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Devastating effects of nuclear weapons are the highest form of violence

September 20, 2019

[Editor’s note: On 18 September, IPPNW co-president Arun Mitra gave the following talk—”Humanitarian consequences of nuclear war: possibilities and perspectives for prevention”—at the International Scientific-Practical Conference dedicated to the 30th anniversary of the “Nevada-Semipalatinsk” International Antinuclear Movement.]

Dr. Mitra addressing the “Nevada-Semey” conference on 18 September.

This is my second visit to the country which banned nuclear weapon testing long ago.  During my first visit in 2014 to participate in the 21st World Congress of International Physicians for the Prevention of Nuclear War (IPPNW), we had the privilege to visit Semipalatinsk. The visit not only enriched our knowledge of the health and environmental impact of nuclear weapon testing, it also reaffirmed the commitment to continue to struggle for a nuclear-weapons-free world. Read more…

IDPD National Conference demands that all nuclear weapons possessing countries join TPNW; expresses concern over health issues in Kashmir

September 3, 2019

by Arun Mitra

The 11th National Conference of Indian Doctors for Peace and Development was held at Thiruvananthapuram, Kerala on 31 August and 1 September 2019. Among several issues discussed in the conference, it put main thrust on the demand to all the nuclear weapons possessing countries to join Treaty Prohibiting Nuclear Weapons (TPNW) as an opportunity to save the world from nuclear disaster. The conference also expressed concern over health issues in Kashmir. Read more…

Japanese government must take urgent action to protect Japanese people from unacceptable radiation exposure

August 26, 2019

Now more than eight years after the Fukushima nuclear disaster, IPPNW strongly supports the call by civil society organisations in Japan for the ionising radiation maximum permissible dose limit for members of the public to be promptly reduced from 20 to 1 mSv per year. Read more…

IPPNW warns of dire consequences of military escalation in Kashmir

August 19, 2019
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International Physicians for the Prevention of Nuclear War (IPPNW) is calling on the Indian government to restore immediately all communications and freedom of movement in Kashmir and Jammu, and urging all states in the disputed border regions to initiate new diplomatic talks aimed at reducing tensions and negotiating a peaceful settlement to the long-standing conflict. Read more…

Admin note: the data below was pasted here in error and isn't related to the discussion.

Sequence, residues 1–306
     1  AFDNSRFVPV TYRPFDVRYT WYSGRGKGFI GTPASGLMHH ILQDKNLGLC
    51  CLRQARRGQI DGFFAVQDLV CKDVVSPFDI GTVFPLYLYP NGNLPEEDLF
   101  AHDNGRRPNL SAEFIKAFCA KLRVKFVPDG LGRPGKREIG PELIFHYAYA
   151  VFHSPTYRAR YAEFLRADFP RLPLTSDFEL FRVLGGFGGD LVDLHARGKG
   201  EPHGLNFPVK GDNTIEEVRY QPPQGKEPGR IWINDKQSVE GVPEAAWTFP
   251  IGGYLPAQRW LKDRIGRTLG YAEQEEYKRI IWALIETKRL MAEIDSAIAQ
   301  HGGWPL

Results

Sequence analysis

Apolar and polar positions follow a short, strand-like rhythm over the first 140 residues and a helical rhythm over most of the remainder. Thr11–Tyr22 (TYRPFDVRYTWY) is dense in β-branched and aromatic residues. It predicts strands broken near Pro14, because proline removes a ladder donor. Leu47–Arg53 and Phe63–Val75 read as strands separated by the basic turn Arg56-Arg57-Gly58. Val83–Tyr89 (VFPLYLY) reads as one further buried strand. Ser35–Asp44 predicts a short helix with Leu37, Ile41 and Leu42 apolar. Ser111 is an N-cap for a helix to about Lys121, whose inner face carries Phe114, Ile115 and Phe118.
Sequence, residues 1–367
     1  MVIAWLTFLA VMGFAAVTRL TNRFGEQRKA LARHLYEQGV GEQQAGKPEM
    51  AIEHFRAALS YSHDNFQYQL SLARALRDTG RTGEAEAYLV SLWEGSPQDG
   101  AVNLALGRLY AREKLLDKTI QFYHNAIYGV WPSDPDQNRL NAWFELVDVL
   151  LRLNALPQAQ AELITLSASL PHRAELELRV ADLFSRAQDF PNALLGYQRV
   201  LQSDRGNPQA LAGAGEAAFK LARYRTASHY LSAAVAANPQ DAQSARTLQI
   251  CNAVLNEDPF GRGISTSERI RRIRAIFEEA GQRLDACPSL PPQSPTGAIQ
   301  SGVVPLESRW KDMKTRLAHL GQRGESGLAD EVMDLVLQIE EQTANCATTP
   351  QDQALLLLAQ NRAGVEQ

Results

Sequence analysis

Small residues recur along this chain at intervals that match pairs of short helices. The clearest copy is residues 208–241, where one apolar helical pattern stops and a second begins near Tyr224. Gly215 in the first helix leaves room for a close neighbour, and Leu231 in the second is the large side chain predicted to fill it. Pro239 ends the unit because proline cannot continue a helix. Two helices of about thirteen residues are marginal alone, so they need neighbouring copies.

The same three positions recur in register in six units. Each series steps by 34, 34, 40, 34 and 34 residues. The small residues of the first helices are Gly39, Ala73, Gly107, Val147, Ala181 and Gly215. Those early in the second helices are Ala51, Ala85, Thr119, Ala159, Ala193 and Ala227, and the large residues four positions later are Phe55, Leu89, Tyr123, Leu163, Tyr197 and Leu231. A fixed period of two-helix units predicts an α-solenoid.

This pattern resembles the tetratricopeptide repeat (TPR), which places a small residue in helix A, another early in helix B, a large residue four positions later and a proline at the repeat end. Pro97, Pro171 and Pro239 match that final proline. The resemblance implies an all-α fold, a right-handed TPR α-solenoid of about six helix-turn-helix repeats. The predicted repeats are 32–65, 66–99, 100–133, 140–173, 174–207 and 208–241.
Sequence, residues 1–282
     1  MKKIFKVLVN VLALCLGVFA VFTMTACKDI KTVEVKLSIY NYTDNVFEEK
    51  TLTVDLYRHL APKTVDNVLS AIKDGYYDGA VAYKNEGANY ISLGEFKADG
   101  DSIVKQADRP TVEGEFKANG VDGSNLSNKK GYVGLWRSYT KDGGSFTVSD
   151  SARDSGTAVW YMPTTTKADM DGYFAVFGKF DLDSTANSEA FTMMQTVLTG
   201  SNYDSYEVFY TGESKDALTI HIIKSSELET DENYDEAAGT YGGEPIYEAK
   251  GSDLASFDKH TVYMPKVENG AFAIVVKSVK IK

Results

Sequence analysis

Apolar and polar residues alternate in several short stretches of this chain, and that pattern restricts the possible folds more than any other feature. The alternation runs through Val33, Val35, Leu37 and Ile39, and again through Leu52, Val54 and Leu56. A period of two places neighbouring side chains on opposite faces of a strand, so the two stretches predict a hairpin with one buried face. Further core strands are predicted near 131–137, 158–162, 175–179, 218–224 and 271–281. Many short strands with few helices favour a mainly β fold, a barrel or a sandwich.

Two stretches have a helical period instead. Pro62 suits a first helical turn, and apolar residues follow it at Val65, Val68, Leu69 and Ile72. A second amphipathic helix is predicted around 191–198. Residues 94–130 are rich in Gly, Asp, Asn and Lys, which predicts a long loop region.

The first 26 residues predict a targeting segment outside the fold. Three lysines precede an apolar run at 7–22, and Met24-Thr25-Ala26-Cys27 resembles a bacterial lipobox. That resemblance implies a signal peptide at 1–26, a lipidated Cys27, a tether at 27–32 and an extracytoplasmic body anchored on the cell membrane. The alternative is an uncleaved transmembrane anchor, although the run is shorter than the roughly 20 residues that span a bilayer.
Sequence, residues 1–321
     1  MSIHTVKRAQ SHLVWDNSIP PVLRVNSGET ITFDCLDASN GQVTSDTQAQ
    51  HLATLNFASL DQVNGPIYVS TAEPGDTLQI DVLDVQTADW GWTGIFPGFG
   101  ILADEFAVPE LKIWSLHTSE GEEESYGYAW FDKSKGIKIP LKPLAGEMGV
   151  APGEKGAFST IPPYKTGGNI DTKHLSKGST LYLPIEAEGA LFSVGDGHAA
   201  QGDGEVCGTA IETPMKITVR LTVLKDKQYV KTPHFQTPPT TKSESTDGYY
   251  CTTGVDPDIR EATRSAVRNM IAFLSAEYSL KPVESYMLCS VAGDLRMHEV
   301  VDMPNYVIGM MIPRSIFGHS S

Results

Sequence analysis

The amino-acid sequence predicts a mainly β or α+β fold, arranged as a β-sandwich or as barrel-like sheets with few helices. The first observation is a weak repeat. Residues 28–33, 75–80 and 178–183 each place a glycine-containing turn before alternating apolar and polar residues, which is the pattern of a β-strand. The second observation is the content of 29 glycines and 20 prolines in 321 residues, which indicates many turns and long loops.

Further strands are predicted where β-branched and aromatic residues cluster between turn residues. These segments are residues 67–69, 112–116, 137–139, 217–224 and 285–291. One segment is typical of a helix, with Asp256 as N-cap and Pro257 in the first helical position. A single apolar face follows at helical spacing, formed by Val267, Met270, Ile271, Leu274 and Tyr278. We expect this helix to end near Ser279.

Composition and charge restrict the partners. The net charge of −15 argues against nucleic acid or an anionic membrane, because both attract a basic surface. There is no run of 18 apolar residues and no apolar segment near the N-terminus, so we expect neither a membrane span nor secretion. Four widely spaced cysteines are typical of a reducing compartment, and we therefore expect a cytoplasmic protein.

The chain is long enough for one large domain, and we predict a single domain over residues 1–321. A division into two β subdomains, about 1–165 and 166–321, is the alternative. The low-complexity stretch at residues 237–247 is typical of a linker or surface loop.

Dear moderators of the US Presidential debates: How about raising the issue of how to avert nuclear war?

July 29, 2019

You mass media folks lead busy lives, I’m sure.  But you must have heard something about nuclear weapons―those supremely destructive devices that, along with climate change, threaten the continued existence of the human race.

Yes, thanks to popular protest and carefully-crafted arms control and disarmament agreements, there has been some progress in limiting the number of these weapons and averting a nuclear holocaust.  Even so, that progress has been rapidly unraveling in recent months, leading to a new nuclear arms race and revived talk of nuclear war.

Do I exaggerate? Consider the following. Read more…

Nuclear weapons must be rejected

July 10, 2019

As the Australian government appears at risk of involving us in yet another US war of aggression, a leading strategic thinker has dropped a bombshell.  Professor Hugh White, emeritus professor of strategic studies at Australian National University, has suggested that Australia might need to consider acquiring nuclear weapons.  He writes in his new book “How to Defend Australia” that, because US influence in our region is waning and Chinese influence is rising, “there are circumstances in which the development of nuclear forces could be justified.”

Professor White claims that in the future we might not be able to rely on US “extended nuclear deterrence” to protect us from adversaries.  However his comments carry the potential to severely damage the ever-fragile progress that has been made towards nuclear non-proliferation and disarmament, for several reasons. Read more…

A race against time

July 3, 2019
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Beyond Nuclear International

Tilman Ruff’s life mission is to help rid the world of nuclear weapons

By Robert Fedele

In 2007, Associate Professor Tilman Ruff and a small group of antinuclear activists founded the International Campaign to Abolish Nuclear Weapons (ICAN) in Melbourne. In 2017, the global nongovernmental organisation captured the first Nobel Peace Prize born in Australia after years drawing attention to the catastrophic humanitarian consequences of nuclear weapons and driving a historic UN prohibition treaty. In June 2019, Ruff, and fellow ICAN co-founder, Dimity Hawkins, were awarded Order of Australia Honours for their advocacy on nuclear disarmament.

Tilman Ruff’s life’s mission to help end nuclear weapons traces back to growing up in Melbourne in the 1980s living with the genuine fear that nuclear war could strike at any moment.

His family background passed on a profound awareness of the impacts of war.

“My family were German Christians living in communities in…

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